callers to hand him over only a day after he had been found. He had been seen in a
paddock [mum was found later, she had been shot and was dead]. When I received the call
about this joey I asked if they would please place it into a pillow case or wrap gently in a
blanket and to not hand it around to any family members, ‘too late for that’ I was told, ‘he’s
already met all the kids and dogs and we’ve put him in a cage in the middle of the back
yard.’ When we arrived we were pointed in the joeys direction and discovered the cage was
a piece of ringlock fencing simply pulled into a circle and tied with a piece of wire and left in
the open in the back yard. This joey was terrified of everything. Over a period of a few days
he settled into his new situation reasonably well although it took a couple of weeks before
trust was fully established. On arrival he weighed 3.8kg.
Less than 24hrs after this arrival there was a call for another joey, still in its mums pouch –
mum had been shot – the callers were asked to gently remove the joey and place it in a
pillow case then leave it comfortable until we arrived a short time later. This latest arrival
was christened Clang – and if you’re as old as me and had children in the early ‘70’s I’m
sure you will know where those names came from. Several other joeys have arrived over
the last couple of months, all except HG are male.
Illegally kept birds have mostly been magpies and parrots, both large and small species.
Some have been at the point of death when surrendered and we were unable to save them,
others fared better and have been released. The most frustrating of these are the birds that
have flight feathers clipped, supposedly to stop them escaping, mostly doesn’t work and
makes our job more difficult as we then have to remove the damaged feathers and wait for
the new ones to grow. The most frustrating and ‘anger making’ illegal birds this season were
sibling, not long hatched, Bush-stone Curlews, one of our endangered species. We were
told they had been picked up by two boys then given to a young girl who kept them for two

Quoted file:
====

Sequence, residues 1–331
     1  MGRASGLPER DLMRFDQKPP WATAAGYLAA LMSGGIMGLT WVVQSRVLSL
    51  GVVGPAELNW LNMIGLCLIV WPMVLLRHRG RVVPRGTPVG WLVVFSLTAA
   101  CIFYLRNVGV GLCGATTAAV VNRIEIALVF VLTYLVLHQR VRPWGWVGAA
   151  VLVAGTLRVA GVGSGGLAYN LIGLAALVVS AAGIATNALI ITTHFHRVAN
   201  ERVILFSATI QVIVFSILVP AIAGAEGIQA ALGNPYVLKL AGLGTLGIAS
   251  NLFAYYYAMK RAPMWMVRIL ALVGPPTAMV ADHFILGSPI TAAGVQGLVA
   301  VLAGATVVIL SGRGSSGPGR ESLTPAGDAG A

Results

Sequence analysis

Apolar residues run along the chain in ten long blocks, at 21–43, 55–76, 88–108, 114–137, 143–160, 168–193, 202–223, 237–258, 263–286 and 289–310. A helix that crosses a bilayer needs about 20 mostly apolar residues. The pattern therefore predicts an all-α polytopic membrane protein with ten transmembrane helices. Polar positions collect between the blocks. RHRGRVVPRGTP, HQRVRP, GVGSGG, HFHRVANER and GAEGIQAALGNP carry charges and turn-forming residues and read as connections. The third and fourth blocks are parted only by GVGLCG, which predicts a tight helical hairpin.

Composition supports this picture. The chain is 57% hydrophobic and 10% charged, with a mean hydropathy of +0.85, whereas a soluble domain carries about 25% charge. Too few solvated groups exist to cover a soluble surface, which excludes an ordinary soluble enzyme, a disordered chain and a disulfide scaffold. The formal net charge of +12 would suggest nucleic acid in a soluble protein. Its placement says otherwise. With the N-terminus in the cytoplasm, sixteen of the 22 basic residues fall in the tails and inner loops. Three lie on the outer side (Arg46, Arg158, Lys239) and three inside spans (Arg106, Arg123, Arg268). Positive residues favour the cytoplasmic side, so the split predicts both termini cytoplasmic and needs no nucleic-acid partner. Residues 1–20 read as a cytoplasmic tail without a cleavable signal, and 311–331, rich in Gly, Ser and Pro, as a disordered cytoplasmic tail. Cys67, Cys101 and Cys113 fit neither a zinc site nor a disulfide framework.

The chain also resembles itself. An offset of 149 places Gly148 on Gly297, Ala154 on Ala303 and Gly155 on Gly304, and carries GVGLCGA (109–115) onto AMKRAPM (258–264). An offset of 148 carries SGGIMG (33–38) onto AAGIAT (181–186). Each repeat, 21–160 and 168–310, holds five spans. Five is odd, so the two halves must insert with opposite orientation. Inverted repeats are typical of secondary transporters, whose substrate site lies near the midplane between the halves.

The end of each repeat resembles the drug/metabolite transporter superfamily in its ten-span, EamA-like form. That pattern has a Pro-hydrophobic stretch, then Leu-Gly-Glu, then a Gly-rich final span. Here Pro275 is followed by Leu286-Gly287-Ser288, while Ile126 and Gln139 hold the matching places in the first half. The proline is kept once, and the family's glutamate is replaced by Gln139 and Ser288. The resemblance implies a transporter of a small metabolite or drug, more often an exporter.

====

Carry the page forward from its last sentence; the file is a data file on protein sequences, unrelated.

days before deciding perhaps she should do something with them other than stand looking
at them in their plastic box. They had been identified by checking bird books.
I had expected to be presented with a pair of lapwing chicks and was more than shocked
when the birds proved to be curlews. One was near death and didn’t make it for more than a
very short time after arrival despite fluids under the skin and placing under a heat lamp. The
sibling was still standing, it was also given fluids and swallowed small amounts of food
placed into its mouth. Before long Garry was spending more than 2 hours each day finding
and gathering natural food from all over our area, not easy when the days are very hot.
Eventually we were able to purchase worms from Bendigo – thanks must go to Cheryl and
Ken who did the purchasing and met Garry part way with their special cargo. The local
collecting still went on for some time while we watched the bird grow taller and taller and still
taller until it was almost full size and would spend much of its time roaming the aviary
gathering its own food. What a most glorious creature it was. Arrangements were made for
the single bird to be put into a breeding programme rather than risking a solitary release,
even though we had locations where birds were known to be and regularly seen.
I believe it is part of the ‘job’ of WRIN and shelter operators to continually put out the
message to the public that not only is it illegal to keep any wild native species that may be
found, but it is in its best interests to ensure it is placed with others of its kind in a place
where it will receive proper care with those others, with the end result being a release back
into a suitable spot in its natural habitat. If you have any ideas on how to go about informing
the public please let us know.